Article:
The prosecution of a Greene County man in connection with a shooting in a suburban Washington theater last year is now being handled by the state attorney general’s office.
Because of that recent development, the scheduling of a trial date is still unknown for the man accused of shooting a teenager in what has been described as a racial confrontation.
Chris Allan Williams, 53, of Waynesburg, has been charged with aggravated assault, terroristic threats, simple assault, reckless endangerment, disorderly conduct and harassment.
The victim, Anthony Ward, now 18, was a juvenile at the time he was watching the movie, “Us,” a tale of psychological horror, with friends the night of March 23, 2019, before violence erupted in Regal Crown Center Theater in North Franklin Township.
Senior Deputy Attorney General Patrick Schulte said after the brief court proceeding Friday morning that Washington County District Attorney Gene Vittone requested by letter last month that the state take over the case.
“The reason he gave was lack of resources,” Schulte explained in an interview. “This is kind of a routine thing. We have 330 cases this year so far that are referrals from various district attorneys offices from around the state. “There’s no rule prohibiting a case coming to our office at any particular point in time in a case.”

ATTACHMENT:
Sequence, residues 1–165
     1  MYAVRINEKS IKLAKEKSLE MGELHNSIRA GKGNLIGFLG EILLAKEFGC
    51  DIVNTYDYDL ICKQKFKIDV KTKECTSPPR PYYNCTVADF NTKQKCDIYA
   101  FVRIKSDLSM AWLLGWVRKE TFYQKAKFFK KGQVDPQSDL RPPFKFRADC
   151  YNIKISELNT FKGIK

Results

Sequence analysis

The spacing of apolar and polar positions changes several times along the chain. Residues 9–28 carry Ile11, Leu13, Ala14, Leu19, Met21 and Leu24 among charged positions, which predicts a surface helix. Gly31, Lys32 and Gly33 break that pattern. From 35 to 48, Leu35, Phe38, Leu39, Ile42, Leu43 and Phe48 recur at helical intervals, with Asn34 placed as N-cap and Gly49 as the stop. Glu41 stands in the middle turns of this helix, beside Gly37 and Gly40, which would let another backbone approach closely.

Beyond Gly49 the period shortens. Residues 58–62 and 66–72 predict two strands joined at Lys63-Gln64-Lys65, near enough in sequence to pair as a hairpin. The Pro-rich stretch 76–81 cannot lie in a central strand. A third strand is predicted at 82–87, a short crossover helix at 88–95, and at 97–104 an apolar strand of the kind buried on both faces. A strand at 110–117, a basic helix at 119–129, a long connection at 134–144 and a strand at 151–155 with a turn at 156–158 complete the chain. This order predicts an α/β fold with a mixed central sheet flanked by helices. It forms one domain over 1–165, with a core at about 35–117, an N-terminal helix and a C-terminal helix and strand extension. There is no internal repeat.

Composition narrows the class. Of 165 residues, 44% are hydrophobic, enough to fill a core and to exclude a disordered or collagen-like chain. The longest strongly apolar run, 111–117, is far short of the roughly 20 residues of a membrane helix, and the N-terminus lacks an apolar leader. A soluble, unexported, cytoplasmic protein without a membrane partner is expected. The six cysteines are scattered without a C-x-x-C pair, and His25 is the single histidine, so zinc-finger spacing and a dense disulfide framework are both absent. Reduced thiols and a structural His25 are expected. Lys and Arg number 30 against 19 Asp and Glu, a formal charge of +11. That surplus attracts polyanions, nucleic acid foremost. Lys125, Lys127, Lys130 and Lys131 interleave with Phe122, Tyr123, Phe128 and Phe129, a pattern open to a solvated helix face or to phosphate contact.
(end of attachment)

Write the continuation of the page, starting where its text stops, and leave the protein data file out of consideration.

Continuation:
Because the change in prosecutors was so recent, Schulte requested a continuance so he could familiarize himself with the circumstances.
A piece of evidence that Schulte said he was not at liberty to discuss was just turned over to the defense, “so now everyone has all the information.”
Judge Valarie Costanzo granted Schulte’s request and set the next court appearance for Oct. 26.
“We didn’t expect it, but I was not totally surprised Mr. Vittone didn’t want to prosecute the case,” said Williams’ attorney, Jack Puskar.
According to testimony at previous proceedings, Williams, who is white, rose from his seat in the audience and walked up to the row where Ward, who is Black, and friends were seated and reacting noisily to the film.
Williams “started yelling at us,” Ward testified, repeating an expletive directed toward the group with Williams saying the teens should “shut up.”
The confrontation became physical, with punches aimed at the face of Williams, who was knocked to the floor in the melee.
Ward’s friends ran from the auditorium, and as Ward exited, he said Williams came from behind him and he saw a gun pointed at his face.
“He called me the N-word,” testified Ward, who said a scuffle at floor-level ensued. “I was moving around so much, the gun went off and I got shot in the leg.”
Ward said he had been attempting to disarm an attacker when a bullet lodged in his lower right calf. The injured teen was eventually flown by helicopter to Allegheny General Hospital, Pittsburgh, and, about a month later, underwent surgery.
Williams, who worked as a corrections officer at SCI-Greene, was treated at a hospital and released the night of the episode.
Demonstrations took place in the wake of the shooting, and more than a month lapsed before charges were filed.
Williams has been on leave from his job, Puskar said.
Vittone did not immediately return a request for comment.